Deadlines - relics of the past or useful for motivation and scaling?

Something I heard the other day: "Deadlines are oppressive and we should never commit to them". That got me thinking about some of my experience and I instinctively didn't like the over-simplification of this statement.

We should always remember that things that worked for businesses in the past, but are frowned upon in the approach you are using, may still be valid for your business and team. I don't think it is healthy for us to think we now know everything, after all, rather like advice on what to eat, sometimes old things that we stopped doing turn out to be good for us.

Some of this may be against the current flow of thinking, but I think people should always question every hypothesis presented. Here I try to make the case for and against deadlines in the hope that people open their mind and continue to try new and old things.

The case against deadlines

Let's face it deadlines are not the flavour of the month, well century! Waterfall style development practices focussed strongly on setting milestones and tracking performance against these milestones. Change in these circumstances was seem as harmful as it often affected the milestones and therefore the plan.

Iterative approaches like Scrum and RUP set defined periods after which a release can occur. However these are not deadlines other than in a process sense - a ceremony can occur or a new set of processes can begin.

I suppose a deadline involved commitment and the last remaining idea of commitment has lost ground (Scrum no longer incudes the words commitment now uses forecast). Commitment is now almost a taboo word; if anyone mentions this word the resulting sucking through teeth is quite loud.

Why is this the case, after all we all make commitments every day. I will collect the children, get the groceries, turn up for work! Why do we now reject the idea so strongly?

I think the answer comes from a culture of misinformed expectations, a culture of bullying and setting of false deadlines to overtly manipulate employees into doing more than they are contracted to do.

There have been many times when I have worked with team under tight deadlines. I look back on these times and am sometimes amazed how these deadlines were met. Often team members worked late to achieve goals that were set with little knowledge of how long something would really take. There is no doubt that project teams, or at least individuals, were partially burnt out and needed a break. This is counter to the sustainable development principles central to agile and lean.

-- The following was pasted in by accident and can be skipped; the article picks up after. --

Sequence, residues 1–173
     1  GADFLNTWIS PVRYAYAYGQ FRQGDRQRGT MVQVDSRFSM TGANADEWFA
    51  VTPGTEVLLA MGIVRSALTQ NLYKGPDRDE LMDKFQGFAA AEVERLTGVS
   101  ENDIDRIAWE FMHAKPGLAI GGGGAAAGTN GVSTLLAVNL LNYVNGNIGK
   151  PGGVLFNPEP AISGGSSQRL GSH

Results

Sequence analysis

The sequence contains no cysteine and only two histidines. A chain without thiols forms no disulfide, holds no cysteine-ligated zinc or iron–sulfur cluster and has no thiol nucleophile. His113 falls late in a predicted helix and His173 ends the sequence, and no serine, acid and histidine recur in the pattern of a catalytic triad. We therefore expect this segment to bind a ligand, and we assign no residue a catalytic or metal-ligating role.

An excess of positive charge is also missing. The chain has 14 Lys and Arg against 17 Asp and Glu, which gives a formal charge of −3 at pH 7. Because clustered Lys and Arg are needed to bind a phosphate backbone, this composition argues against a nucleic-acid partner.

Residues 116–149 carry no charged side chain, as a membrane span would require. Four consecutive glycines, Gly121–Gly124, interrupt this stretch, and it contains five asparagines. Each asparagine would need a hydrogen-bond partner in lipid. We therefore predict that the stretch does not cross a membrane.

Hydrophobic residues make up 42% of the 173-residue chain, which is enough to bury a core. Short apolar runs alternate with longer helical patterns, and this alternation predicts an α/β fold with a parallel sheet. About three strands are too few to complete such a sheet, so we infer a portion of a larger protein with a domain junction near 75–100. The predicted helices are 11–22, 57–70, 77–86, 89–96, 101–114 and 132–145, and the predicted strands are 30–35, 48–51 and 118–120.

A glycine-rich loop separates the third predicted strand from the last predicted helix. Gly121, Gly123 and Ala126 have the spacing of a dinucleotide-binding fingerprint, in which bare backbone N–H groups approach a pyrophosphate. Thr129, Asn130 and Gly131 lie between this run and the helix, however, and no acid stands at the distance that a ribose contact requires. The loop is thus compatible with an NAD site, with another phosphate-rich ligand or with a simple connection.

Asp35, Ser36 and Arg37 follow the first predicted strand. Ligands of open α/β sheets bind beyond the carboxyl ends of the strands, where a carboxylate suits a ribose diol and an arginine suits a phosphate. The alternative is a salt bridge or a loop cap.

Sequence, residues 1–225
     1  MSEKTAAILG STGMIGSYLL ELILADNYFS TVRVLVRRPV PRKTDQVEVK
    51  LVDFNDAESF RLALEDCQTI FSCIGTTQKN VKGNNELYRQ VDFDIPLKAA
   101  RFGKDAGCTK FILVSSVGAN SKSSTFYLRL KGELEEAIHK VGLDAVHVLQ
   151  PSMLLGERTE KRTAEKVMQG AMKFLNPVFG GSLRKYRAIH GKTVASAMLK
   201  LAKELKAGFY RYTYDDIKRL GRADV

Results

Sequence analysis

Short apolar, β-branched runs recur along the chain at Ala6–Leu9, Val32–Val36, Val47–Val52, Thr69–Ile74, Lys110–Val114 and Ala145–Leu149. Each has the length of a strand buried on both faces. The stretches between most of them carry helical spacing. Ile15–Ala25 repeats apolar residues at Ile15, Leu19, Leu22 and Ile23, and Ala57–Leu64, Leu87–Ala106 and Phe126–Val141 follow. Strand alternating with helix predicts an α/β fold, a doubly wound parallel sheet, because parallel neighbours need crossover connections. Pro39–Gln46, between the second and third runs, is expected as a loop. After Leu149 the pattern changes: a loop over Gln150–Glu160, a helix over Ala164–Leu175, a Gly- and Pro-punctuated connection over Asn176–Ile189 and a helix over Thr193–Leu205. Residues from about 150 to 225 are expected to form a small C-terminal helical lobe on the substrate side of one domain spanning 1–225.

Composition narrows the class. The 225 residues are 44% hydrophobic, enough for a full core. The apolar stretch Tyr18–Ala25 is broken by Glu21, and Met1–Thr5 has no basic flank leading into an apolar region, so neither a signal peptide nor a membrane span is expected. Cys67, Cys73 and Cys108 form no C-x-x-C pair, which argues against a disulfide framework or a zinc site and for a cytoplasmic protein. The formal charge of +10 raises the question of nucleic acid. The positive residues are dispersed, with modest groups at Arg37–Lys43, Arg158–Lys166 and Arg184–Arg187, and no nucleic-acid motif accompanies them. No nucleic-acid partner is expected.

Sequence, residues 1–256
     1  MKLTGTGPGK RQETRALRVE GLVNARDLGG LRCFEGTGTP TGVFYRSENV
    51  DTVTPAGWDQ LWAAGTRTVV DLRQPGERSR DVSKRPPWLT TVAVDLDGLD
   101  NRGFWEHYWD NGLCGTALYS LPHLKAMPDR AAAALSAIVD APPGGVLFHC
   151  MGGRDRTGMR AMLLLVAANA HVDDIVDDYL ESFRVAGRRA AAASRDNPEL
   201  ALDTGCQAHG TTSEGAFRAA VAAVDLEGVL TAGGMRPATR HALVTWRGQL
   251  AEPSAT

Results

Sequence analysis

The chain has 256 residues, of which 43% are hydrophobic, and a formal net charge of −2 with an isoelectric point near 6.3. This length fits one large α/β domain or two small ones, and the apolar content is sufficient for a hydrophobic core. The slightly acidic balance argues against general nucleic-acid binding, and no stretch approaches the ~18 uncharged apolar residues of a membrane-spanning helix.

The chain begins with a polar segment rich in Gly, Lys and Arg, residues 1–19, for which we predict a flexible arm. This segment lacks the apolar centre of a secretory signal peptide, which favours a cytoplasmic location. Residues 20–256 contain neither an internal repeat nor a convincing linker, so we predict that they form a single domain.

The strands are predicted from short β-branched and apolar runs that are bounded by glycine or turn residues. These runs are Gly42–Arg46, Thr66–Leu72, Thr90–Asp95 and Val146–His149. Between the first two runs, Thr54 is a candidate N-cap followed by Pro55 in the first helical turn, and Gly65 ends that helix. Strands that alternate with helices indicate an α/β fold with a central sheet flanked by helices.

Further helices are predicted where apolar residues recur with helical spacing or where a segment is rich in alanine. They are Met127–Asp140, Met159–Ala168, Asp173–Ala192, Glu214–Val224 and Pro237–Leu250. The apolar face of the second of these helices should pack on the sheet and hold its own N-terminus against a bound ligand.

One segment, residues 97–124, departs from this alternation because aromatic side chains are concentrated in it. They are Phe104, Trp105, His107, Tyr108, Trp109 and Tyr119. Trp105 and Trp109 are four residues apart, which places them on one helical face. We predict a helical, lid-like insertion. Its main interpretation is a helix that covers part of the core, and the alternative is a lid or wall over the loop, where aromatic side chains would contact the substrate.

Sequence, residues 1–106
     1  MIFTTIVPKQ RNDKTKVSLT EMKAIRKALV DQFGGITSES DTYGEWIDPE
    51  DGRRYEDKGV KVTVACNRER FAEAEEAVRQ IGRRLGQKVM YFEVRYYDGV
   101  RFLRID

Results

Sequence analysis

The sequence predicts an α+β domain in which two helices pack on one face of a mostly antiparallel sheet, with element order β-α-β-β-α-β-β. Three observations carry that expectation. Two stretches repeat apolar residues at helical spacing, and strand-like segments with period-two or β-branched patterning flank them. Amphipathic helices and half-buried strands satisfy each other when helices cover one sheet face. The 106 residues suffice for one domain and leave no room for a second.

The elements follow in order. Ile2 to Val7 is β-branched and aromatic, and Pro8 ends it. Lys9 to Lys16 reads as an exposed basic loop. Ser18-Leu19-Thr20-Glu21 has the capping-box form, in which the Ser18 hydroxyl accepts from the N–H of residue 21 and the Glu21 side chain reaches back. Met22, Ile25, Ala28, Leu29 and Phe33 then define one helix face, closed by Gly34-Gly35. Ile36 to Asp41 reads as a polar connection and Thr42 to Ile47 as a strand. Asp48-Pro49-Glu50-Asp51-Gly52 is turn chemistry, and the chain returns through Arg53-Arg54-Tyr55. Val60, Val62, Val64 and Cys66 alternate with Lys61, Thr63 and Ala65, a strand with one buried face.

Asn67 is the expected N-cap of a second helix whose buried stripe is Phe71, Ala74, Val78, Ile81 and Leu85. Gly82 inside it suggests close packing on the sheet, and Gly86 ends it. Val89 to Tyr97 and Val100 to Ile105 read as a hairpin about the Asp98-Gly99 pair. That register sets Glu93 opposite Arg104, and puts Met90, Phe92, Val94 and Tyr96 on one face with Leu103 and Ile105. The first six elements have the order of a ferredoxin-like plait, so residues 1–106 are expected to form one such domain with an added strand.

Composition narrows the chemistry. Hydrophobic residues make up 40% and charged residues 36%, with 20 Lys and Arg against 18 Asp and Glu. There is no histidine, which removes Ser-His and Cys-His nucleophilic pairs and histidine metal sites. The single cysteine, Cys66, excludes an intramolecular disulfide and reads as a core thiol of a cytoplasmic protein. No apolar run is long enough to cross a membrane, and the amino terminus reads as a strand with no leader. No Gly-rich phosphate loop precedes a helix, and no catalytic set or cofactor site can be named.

The case for deadlines

Motivation through deadlines

I'm not going to make the motivational point from a theoretical standpoint as I am not a Psychologist but I learnt very early that it is very important to do 3 things when talking to a team:

Determine the goal of the organsiation - paint the picture
Show the steps in getting there - show the roadmap
and most importantly - show the team role in delivery

Recently I was facilitating a retrospective on a project and the team were already self organising and looking for ways to work more effectively. During a retrospective a conversation started:

"The team are not motivated enough"
"What should we do?"
"I always find a deadline useful"
Why dont we set some deadlines we can commit to"
"Do we all agree"

The team were determined to deliver the vision but needed a clear path to get there. So they set deadlines.

So we did it and people became more focussed and met the businesses expectations. Do I think they would have done it without deadlines - I don't know, but I do know that it had a palpable effect on the atmosphere in the team. I also know that it was an interesting experiment and it achieved the overall project goal.

Cross team dependencies

Cross team blockers cost money, lots of it! Whether it is waiting for a build server or marketing need to know when a TV campaign can be booked or whether another team have a technical dependency on a new service, they all create waste. So when we are scaling agile. Teams depend on each other. They just need to know when something will be ready and they don't want to be blocked.

Having a deadline for a single product or feature can help communicate the prioritisation of a feature and create focus.

Knowing when to stop

Sometimes products have to hit the market in a certain amount of time or spend otherwise the cost may exceed to revenue or an opportunity may have past. I have seen projects with defined deadlines such as a event or a competitor launch.

These must be taken into account from a project stance but also at a feature level. Indeed features are often pursued even though they are proving more difficult than expected. Often a work limit or time-box can act as a useful tool to determine if something is worth completing, in other words whether to ditch the idea.

Conclusion - Beware the false deadline but embrace the real one

If deadlines result from a shared understanding of a common goal and if the team understand the reasons for its existence they can be useful tools in motivating and coordinating work.

If deadlines are false ie if you have seen then set and reset once the work overruns without any apparent business impact either: there is insufficient communications around the importance and effect of the work the team is doing or they are being set for arbitrary management reasons.

In any case I always ensure that I understand any deadlines have been set and why and ensure that all members of the team understand their role in meeting these deadlines and their responses listened to.


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